COBURN: And one of the things that's a consequence of that, when the doctor doesn't spend the appropriate time with you, what do they do? They order a whole bunch more tests to cover what they didn't get to ask you about so that they make sure they are not missing anything. So we increase all of this testing that is really unnecessary because we won't reimburse and recognize the value of a physician relating to a patient and paying them for the time that they will spend with the patient.

    BARRASSO: And the president uses the word coverage and care interchangeably, but they are very different. There may be a time coming very shortly where someone with a Medicare card can't get care.

    VAN SUSTEREN: What would the president say if he were standing here and listening to you? I assume he would say you are dead wrong.

    COBURN: He would disagree. He would disagree. He would say we had to do something.

    VAN SUSTEREN: We have a problem. We all agree.

    COBURN: One out of $3 in health care doesn't help anybody get well or prevent them from getting sick. That's a problem. Why is it there? The reason it's there is because the government controls 65 percent of it and has mandated down price control where have you disrupted the market.

    I use an example I cared for 300 Amish families. They were the best purchasers in the world of health insurance, because they wanted to know what something cost and why you were doing the tests. They wanted you to explain what the risks of the test were. They wanted to know where they could buy it cheaper. In other words, they reconnected the purchase of health care with the payment. So therefore, they got great value. And I gave them great value because I was happy to get paid and not have to go through the insurance company or Medicare and file all the paperwork and everything else.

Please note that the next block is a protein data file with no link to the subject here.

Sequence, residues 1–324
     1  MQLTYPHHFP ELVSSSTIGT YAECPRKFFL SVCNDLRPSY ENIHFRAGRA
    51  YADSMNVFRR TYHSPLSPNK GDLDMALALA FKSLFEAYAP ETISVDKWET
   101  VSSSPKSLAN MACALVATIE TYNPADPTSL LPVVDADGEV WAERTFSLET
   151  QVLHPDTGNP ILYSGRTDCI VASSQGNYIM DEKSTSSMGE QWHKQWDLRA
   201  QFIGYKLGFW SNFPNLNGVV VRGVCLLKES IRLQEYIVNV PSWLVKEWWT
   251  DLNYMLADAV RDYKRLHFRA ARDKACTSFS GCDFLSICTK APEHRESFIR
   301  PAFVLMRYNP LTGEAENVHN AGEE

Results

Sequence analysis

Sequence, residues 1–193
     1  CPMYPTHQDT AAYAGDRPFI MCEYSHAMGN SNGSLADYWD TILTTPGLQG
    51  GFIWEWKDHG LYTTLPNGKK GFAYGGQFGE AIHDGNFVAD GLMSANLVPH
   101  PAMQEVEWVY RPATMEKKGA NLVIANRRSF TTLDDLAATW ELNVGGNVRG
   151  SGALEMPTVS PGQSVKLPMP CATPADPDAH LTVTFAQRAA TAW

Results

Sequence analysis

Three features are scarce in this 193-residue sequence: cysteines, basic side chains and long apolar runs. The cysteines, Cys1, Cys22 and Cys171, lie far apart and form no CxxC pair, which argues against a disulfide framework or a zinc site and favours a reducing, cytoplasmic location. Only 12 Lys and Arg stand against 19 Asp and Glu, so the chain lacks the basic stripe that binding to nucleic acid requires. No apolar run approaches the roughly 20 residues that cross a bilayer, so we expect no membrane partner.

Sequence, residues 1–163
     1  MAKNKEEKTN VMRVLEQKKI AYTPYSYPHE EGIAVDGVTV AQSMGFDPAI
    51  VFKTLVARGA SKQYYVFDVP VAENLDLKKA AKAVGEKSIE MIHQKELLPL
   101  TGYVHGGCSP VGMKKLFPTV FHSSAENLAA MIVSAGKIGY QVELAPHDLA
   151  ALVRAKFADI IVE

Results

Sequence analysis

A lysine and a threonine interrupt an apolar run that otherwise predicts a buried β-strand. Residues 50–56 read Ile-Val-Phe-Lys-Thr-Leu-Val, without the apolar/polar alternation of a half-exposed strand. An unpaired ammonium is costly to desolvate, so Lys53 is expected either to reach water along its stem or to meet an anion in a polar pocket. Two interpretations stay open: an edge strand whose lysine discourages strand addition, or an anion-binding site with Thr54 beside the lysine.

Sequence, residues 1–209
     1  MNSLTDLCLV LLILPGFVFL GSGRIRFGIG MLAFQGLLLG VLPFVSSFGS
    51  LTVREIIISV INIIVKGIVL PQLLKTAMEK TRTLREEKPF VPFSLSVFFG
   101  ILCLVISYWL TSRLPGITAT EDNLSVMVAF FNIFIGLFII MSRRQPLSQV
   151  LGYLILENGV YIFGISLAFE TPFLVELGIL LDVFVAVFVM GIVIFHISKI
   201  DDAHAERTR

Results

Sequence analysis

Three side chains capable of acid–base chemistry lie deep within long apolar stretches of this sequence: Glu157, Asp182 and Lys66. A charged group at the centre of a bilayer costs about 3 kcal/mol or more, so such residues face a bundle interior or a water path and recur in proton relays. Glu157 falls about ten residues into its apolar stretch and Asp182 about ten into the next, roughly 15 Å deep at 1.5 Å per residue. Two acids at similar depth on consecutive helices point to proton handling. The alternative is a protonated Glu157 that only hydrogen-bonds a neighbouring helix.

So what we have done, is we have -- we have two different philosophies. One is that the government's smart enough to run health care. We have proven that isn't right and the Obamacare expansion will destroy health care. I am not sure that's what we they intended so they can run it all. Number two what we know that the quality of care's going to decline in the future unless we really put patients and physicians back together making those decisions.

    BARRASSO: We are talking patient-centered care, that's what we want, care that's best for the patients, so the patients get the care they need from the doctor they want at a price they can afford. But this law is bad for patients, it's bad for providers -- nurses and doctors and it will continue to be terrible for taxpayers.

    VAN SUSTEREN: Senators, thank you, both.

    BARRASSO: You're welcome.

    COBURN: Good to be with you.

    (END VIDEOTAPE)